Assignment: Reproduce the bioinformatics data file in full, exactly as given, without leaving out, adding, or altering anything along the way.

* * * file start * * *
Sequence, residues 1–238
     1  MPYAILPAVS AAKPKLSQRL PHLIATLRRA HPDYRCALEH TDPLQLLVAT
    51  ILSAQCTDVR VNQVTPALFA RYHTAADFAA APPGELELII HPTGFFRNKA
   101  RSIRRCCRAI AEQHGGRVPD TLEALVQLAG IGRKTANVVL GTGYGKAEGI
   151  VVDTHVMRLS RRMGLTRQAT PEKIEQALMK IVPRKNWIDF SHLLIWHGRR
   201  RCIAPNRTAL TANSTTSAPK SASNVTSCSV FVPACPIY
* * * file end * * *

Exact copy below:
Sequence, residues 1–238
     1  MPYAILPAVS AAKPKLSQRL PHLIATLRRA HPDYRCALEH TDPLQLLVAT
    51  ILSAQCTDVR VNQVTPALFA RYHTAADFAA APPGELELII HPTGFFRNKA
   101  RSIRRCCRAI AEQHGGRVPD TLEALVQLAG IGRKTANVVL GTGYGKAEGI
   151  VVDTHVMRLS RRMGLTRQAT PEKIEQALMK IVPRKNWIDF SHLLIWHGRR
   201  RCIAPNRTAL TANSTTSAPK SASNVTSCSV FVPACPIY